Altis Approved In Little Havana With 224 Units

Miami’s Urban Development Review Board voted last month to approve Altis Little Havana.

The eight-story project is proposed for a 1.96-acre property and will include:

  • 224 apartments
  • 351 parking spaces (10% reduction waiver)

There’s also a token amount of ground floor retail.

Altman Development Corporation is the developer. Anillo Toledo Lopez is the architect.

 

 

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Anonymous
2 years ago

I like how they hid the parking by lining both the front and back of the building with units.

Grovite
2 years ago

One less steeple in the Miami Skyline… Unfortunate that the Church and the school building next door aren’t being preserved and incorporated into the site plan. I am fond of the school building east of the church. Nice structure.

Anony
2 years ago

Apparently not enough Presbyterians to save the church.

Anonymous
2 years ago

Weird, I’ve never seen that church’s steeple in Miami’s skyline?

Anonymous
2 years ago

Look up once and a while. Trinity Cathedral in Edgewater is beautiful, but might be ruined by a messy architectural monstrosity proposed next door.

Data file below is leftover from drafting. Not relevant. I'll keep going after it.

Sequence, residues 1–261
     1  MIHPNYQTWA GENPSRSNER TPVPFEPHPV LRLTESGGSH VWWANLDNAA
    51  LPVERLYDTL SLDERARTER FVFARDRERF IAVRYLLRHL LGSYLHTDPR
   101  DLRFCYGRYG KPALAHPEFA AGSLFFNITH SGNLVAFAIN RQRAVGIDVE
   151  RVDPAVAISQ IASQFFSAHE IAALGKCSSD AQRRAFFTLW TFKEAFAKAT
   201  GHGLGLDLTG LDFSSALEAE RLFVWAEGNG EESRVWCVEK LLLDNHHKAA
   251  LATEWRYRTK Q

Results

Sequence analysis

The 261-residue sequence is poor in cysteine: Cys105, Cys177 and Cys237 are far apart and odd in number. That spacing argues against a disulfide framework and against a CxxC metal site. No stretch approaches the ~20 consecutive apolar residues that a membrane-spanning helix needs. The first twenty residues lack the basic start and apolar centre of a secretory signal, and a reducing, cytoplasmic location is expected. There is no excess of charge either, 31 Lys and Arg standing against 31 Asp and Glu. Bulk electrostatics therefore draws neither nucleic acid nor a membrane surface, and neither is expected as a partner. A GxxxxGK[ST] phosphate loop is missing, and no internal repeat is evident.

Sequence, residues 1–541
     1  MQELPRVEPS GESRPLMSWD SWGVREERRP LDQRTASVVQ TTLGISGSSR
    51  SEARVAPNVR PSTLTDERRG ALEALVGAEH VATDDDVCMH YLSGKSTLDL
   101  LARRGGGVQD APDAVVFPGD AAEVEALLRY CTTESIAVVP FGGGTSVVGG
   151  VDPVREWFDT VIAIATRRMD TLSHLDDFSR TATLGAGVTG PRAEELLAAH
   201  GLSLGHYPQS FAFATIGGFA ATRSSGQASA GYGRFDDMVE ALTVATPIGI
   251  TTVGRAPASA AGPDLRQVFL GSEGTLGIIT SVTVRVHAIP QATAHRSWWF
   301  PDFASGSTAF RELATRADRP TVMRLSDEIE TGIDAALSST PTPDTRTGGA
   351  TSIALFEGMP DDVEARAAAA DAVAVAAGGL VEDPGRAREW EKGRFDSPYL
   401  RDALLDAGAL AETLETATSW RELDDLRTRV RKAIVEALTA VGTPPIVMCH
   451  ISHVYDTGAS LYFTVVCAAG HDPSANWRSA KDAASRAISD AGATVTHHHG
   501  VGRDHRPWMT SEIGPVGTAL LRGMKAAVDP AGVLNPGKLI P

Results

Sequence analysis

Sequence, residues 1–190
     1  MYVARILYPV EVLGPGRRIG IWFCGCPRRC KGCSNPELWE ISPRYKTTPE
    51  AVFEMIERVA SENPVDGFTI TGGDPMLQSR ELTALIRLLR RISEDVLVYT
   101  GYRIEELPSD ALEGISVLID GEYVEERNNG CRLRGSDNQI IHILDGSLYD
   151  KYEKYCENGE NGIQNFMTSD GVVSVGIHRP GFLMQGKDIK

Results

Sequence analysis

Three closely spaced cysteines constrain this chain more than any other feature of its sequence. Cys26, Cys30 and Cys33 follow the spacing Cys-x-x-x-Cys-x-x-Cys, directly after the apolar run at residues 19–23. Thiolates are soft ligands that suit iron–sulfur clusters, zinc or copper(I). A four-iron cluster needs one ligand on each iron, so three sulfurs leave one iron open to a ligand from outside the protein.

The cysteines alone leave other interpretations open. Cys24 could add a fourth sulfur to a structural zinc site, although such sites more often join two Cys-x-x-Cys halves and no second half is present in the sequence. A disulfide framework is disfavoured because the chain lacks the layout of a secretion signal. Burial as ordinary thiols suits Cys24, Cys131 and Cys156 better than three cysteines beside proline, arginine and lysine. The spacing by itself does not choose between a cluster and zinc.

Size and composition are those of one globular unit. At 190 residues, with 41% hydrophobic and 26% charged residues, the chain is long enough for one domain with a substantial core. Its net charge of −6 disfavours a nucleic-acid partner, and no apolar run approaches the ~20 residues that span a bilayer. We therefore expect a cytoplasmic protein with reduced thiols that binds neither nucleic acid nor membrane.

Anonymous
2 years ago

It can’t be that noticeable in the skyline if something only stories tall can block it.

Anonymous
2 years ago

The are about 2000 people that praise God on that building every Sunday that thanks to the owner (the other pastor), the developers and the board are staying without a santuary to worship God.

Anonymous
2 years ago

It’s Shenandoah, not Little Havana to the residents who actually live here, old and new. Little Havana is north of 8th Street, touristy Calle Ocho being its southern boundary. The heart is Flagler Street, through Riverside (Heights) and Riverview.

Anonymous
2 years ago

For sure that is Little Havana. The address is SW 8th St. . Flagler might be the middle geographically, but the heart of Little Havana is Calle Ocho. Ever been to the Calle Ocho block party?

Anonymous
2 years ago

Calle Ocho is used for Little Havana events, but it’s still around the border. If it was that big, it wouldn’t be little at all.

Anony
2 years ago

Interesting exchange. Looks like demographics are shifting.

Anonymous
2 years ago

Would like to see some kind of legislation in Shenandoah/Little Havana that promotes smaller, fine-grain development and discourages this kind of monstrosity. This project and InTown are out of scale compared to the rest of the neighborhood.